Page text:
Thursday, September 17, 2009

Fantasia Catch-Up #06: You Might As Well Live, Battle League, Crawler, Rough Cut, Embodiment, Breathless

This will, thankfully, be the last batch of reviews I try to do from weeks-old memory. The rest of my Fantasia reviewage will be stuff I have screeners for, either to refresh my memory or to watch for the first time. I generally don't reach back this far, but I do feel a bit of an obligation to review all the movies I see for free on a festival pass (it's the unspoken deal between festivals and critics - you give us free movies, we give you word of mouth, good or bad).

It is, obviously, kind of tough - I generally only take notes during foreign-language films, as they're less likely to have character names listed on IMDB, so I'm working from memory. That's not particularly trustworthy, as evinced by all the people who ask me how I can keep them straight when I nonchalantly say I saw roughly 20-30 films a week on a festival binge. My response is usually that the festival programmers and my personal tendencies don't generate schedules where things run together. So on the 24th, I saw a low-budget Canadian gross-out comedy, a Japanese sci-fi romantic comedy, a Japanese fantasy, a Korean relationship drama, and a Quebeçois creature feature. Those things don't really run together, and it's a tribute to the Fantasia programmers that most of what they ran, even when it wasn't particularly good, was memorable.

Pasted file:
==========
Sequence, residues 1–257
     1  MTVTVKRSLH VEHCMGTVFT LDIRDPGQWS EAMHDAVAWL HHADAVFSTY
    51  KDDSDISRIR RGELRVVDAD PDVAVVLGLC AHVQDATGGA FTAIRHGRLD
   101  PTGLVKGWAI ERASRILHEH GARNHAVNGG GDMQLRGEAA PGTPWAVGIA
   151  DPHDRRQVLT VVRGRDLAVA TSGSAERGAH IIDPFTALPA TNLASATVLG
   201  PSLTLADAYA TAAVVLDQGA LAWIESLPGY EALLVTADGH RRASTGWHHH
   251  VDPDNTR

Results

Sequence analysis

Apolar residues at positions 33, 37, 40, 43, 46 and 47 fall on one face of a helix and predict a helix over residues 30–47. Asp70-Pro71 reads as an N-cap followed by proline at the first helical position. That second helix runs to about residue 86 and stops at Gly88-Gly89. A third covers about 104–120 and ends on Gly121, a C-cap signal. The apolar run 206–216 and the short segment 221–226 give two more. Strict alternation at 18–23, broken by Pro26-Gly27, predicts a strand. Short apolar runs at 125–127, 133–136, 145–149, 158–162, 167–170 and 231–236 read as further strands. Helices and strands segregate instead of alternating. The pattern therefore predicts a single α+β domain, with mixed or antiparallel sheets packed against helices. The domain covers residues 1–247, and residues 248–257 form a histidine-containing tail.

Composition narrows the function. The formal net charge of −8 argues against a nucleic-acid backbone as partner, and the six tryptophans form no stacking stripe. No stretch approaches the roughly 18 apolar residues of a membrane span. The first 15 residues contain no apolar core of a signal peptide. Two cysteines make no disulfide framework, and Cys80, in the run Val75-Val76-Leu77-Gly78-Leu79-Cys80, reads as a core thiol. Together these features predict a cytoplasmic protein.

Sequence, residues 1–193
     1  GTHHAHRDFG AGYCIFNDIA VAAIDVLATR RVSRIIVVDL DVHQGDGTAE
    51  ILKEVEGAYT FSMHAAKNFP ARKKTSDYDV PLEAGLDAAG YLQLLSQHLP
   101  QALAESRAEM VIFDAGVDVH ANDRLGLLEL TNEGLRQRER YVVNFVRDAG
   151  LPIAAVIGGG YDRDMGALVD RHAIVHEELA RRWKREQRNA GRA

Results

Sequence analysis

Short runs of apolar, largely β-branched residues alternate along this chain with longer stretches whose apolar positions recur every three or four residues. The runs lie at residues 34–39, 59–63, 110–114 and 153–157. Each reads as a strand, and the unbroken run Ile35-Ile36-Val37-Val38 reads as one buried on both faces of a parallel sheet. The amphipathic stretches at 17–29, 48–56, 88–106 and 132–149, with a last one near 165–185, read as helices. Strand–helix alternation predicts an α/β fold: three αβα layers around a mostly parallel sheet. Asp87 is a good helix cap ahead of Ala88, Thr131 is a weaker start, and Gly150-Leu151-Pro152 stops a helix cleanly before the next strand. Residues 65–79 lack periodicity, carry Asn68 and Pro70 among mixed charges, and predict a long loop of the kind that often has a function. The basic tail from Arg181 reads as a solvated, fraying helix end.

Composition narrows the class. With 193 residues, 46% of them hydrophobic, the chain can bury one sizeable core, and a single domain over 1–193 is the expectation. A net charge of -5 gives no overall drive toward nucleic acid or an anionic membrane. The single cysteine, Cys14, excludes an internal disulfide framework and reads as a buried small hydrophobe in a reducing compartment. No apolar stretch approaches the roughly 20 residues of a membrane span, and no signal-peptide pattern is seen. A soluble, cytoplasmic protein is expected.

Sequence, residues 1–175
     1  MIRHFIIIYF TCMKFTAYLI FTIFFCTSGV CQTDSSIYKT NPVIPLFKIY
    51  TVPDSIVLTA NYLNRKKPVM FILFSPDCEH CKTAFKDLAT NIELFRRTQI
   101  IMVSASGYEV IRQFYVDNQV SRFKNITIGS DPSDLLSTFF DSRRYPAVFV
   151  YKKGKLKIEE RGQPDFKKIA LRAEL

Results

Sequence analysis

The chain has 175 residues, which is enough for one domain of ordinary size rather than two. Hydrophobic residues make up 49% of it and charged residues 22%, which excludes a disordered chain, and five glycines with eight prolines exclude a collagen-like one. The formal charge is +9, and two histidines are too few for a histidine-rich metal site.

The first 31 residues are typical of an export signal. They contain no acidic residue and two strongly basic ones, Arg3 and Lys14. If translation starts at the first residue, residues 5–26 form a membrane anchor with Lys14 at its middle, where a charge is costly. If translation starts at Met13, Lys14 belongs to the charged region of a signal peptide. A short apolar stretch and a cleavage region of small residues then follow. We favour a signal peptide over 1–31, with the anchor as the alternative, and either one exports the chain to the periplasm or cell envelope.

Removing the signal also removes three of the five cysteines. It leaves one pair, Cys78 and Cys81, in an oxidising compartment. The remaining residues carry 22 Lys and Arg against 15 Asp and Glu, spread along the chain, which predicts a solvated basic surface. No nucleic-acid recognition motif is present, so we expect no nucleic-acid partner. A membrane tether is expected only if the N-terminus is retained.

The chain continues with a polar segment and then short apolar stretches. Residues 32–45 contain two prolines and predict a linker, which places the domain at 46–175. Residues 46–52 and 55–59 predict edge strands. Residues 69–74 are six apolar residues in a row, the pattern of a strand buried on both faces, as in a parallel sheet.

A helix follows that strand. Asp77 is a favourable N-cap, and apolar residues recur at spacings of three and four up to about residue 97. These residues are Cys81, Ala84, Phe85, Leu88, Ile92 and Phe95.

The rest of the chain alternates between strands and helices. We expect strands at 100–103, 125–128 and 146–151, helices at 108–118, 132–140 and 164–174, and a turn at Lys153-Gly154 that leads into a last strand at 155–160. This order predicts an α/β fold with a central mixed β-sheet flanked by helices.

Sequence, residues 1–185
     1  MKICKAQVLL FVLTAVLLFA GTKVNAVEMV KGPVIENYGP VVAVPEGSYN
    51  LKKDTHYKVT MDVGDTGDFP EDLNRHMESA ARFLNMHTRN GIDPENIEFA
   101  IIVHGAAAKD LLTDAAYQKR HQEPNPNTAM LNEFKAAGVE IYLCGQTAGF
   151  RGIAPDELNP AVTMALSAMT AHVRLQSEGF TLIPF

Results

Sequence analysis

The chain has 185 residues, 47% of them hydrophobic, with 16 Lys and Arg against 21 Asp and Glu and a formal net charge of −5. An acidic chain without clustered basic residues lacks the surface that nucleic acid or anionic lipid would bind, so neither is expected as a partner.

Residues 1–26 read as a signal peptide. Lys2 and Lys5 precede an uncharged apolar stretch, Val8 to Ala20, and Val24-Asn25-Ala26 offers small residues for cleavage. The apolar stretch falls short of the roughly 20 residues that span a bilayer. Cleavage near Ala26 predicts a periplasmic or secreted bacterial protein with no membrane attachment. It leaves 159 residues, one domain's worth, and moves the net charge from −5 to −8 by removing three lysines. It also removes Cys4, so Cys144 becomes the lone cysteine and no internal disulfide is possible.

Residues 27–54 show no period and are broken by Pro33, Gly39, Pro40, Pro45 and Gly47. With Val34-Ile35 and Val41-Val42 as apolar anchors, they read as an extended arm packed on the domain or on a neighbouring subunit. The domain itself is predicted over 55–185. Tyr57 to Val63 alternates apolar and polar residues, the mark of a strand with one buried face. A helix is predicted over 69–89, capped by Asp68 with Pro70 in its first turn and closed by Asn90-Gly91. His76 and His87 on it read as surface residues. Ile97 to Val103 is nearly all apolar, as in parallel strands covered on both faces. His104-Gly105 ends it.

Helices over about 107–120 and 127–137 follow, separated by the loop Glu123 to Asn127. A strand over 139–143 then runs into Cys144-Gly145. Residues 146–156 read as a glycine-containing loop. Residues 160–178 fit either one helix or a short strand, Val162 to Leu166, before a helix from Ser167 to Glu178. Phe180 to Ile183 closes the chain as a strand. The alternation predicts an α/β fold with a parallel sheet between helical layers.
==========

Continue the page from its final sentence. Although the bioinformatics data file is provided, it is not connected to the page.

That aside, there is some benefit to having a little delay; when I write about these movies six weeks later, then the stuff I can talk about because it's stuck with me is probably the stuff that's worth talking about. The trick, I guess, is to punt when you really don't have anything to say, and don't completely override your first impressions. Those initial reactions are important; the person who is reading what you write is more likely than not going to see the movie to get first impressions, after all.

You Might as Well Live

* * * (out of four)
Seen 24 July 2009 at Concordia Theatre de Seve (Fantasia Festival - Flirting with Chaos)

You Might as Well Live is a solid moron movie - the type where the lead character's quite astounding stupidity is just balanced with his innocence in such a way that we can laugh at him while still rooting for him somewhat. It's a precarious balance, because this film's Robert Mutt has a really stunning amount of stupidity that needs countering (to the point where the innocence starts resembling even more stupidity), but the movie careens from one hugely crude joke to another just well enough that it only fitfully becomes tiresome.